Here's something: how about requiring all your kids of doing all their work and putting effort into all of it, whether it's the basic skills of math or the basic skills of reading and writing.

Here's something else: I've always been excellent at reading and math (school math, specifically - I'll get to real math in a bit). I've not been so good at writing. I hated writing. Funny how I get paid to write now (and do a hell of a lot of writing for free, because I enjoy it).

People who are math-oriented should not get an out for sucking at writing. Everybody needs to be able to figure (arithmetic, at least, and understanding percentages, compound interest, and other basic personal finance math... I'm not even talking algebra here), read to extract information, and write/speak to convey information. Yes, speak. Oral communication should be added to reading, writing, and arithmetic. BRING BACK RHETORIC TO THE ELEMENTARY GRADES! (Also, I used to hate giving presentations. I love doing it now. It took years of practice.)

Where was I?

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Saturday, August 4th, 2018
5:08 pm - Valerian: A Field Report

It's been 8 years.

If you're saying "8 years of what?", I will give you some excerpts:

I would link to my MRIs, but it seems I put them on facebook, and facebook has been through multiple URL/whatever changes since then and I cannot care enough to show them.

I got a new theme song from that time:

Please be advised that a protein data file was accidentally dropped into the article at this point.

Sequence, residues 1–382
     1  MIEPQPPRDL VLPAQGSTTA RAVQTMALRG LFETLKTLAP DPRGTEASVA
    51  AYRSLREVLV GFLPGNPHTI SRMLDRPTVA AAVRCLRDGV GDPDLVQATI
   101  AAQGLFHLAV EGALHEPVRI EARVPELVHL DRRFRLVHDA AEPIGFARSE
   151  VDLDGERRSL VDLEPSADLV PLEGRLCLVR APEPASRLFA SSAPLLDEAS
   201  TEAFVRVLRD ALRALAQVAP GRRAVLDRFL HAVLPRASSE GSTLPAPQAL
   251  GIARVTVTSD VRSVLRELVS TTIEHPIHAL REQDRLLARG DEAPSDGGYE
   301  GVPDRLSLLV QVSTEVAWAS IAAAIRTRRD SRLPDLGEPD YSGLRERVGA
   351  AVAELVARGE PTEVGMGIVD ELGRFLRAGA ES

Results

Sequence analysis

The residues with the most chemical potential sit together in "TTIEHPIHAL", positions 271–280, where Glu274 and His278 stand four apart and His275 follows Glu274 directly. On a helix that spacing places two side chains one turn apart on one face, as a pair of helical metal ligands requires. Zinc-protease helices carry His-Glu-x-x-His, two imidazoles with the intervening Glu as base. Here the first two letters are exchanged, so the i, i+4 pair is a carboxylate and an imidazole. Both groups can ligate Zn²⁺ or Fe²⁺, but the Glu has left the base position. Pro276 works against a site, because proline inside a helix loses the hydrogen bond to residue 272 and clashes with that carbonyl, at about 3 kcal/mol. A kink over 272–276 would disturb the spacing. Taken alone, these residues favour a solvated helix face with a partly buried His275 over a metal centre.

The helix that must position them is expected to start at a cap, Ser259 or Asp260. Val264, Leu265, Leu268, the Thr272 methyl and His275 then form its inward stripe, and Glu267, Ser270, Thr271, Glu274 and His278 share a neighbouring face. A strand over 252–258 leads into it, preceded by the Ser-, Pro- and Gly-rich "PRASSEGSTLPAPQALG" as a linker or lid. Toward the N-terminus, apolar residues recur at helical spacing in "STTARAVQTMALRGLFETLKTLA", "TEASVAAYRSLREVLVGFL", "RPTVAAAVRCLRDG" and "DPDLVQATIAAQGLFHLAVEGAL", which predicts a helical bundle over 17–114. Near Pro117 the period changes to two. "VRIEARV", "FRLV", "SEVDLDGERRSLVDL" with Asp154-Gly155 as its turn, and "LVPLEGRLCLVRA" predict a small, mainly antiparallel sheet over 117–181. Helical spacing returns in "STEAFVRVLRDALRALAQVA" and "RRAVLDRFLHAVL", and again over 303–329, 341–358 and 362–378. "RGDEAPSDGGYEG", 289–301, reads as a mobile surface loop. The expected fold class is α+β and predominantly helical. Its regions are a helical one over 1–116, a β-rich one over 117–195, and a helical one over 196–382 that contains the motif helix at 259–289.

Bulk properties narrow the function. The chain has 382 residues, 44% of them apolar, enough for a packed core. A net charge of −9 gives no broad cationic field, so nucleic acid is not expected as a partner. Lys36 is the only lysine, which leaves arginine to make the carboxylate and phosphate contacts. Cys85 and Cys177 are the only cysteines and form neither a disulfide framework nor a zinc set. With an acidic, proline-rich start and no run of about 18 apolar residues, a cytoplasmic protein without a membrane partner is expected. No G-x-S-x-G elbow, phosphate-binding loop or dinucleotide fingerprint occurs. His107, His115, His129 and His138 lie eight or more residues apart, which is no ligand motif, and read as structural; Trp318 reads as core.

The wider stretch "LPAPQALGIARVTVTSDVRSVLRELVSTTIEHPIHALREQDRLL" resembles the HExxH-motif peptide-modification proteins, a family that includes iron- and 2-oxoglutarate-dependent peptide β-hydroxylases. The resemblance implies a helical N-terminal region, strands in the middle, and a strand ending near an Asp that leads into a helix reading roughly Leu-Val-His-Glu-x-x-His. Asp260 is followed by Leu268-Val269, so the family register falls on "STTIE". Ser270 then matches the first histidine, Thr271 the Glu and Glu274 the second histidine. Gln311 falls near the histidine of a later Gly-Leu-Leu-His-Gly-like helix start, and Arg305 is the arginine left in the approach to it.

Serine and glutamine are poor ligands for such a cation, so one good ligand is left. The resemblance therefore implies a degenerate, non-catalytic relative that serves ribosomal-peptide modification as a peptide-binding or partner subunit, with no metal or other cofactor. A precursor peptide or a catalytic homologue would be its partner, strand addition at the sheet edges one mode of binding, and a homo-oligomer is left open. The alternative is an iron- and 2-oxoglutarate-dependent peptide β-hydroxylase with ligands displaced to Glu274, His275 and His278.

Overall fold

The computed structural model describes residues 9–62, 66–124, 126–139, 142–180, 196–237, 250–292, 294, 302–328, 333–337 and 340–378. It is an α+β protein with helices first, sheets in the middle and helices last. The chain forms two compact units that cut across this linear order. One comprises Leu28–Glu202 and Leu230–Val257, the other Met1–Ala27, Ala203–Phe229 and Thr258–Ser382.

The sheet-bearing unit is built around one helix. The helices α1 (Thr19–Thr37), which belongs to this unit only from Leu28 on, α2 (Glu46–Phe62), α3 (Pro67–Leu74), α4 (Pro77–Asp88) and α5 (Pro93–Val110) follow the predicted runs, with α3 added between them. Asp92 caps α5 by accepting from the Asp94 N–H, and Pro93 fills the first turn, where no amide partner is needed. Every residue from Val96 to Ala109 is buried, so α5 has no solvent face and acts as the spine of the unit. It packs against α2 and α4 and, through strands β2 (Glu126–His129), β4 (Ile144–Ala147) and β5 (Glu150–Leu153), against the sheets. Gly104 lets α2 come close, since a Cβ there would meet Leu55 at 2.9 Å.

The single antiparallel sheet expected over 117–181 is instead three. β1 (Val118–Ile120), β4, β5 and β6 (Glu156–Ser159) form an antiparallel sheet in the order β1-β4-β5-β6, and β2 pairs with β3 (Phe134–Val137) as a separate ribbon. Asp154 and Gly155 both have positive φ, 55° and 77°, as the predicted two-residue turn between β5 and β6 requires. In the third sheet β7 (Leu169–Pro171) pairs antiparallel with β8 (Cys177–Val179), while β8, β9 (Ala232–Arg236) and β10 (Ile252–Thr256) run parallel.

I did like the end result of looking at my brains, but I still have fuckloads of pain and here we are.

Unfortunately, my primary "treatment" has been drinking far more than is good for me. Alcohol doesn't make the pain go away, but it makes me care less about the pain. Also, I laugh more.

In my livejournal chronicles, I talk about taking various neuroactive meds, a few of which did get rid of the pain, but also basically made my conscious brain useless. That was not what I considered a workable option. At least with booze, I could still think, in a manner, even if I wouldn't operate heavy machinery (including cars... and often laptops/ipads, because y'all don't need I LOVE YA MANS posts at 3am, though I LOVE YA MANS)

Stu convinced me to take Valerian root recently, and that has had an interesting effect. Like alcohol, it doesn't make the pain go away. Unlike the neuroactive meds, it doesn't make my head foggy. But interestingly, it has a kind of calming effect. It's not that I get worked up all that much (EXCEPT OVER UGLY GRAPHS OMG), but it's more like "oh, there's this pain. Well, that's unfortunate. la la laaaa"

But I can see why many see Valerian as an insomnia cure, because what it really did is cut off the chatter from my brain. I don't know if you get this, but nights where I can't go to sleep is because my brain is talking to me about all sorts of things, like "i wonder if you've looked at the correlation between peanut butter and bad pie charts", and it WON'T SHUT UP. it's all quiet. like "well, get around to the peanut butter thing in your own time"


But there's a bad side effect to the valerian.

And it's related to the source of my pain -- my neck. Whether the degenerate disc is really the source of all my pain, it definitely comes from my neck, head, and shoulders.

The problem with valerian is that when I fall asleep... I don't wake up til 5am.

So, you may think "what's the problem?" - the problem is that I have to sleep flat on my back (I put pillows under my knees to make it better). I had to stop sleeping on my right side because that's where my pain first appeared, but in 2014, it appeared on my left side. So I can't sleep on -either- side. Usually, without valerian, I wake up several times per night and can make sure I'm on my back... but if I actually sleep for 7 hours straight through, I'm probably on one of my sides for hours.

So I'm taking valerian at most every-other-day (but usually less).


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10:08 am - Photos from Mary Pat Campbell's post
Photos from Mary Pat Campbell's post

Posted by Mary Pat Campbell on 4 Aug 2018, 14:08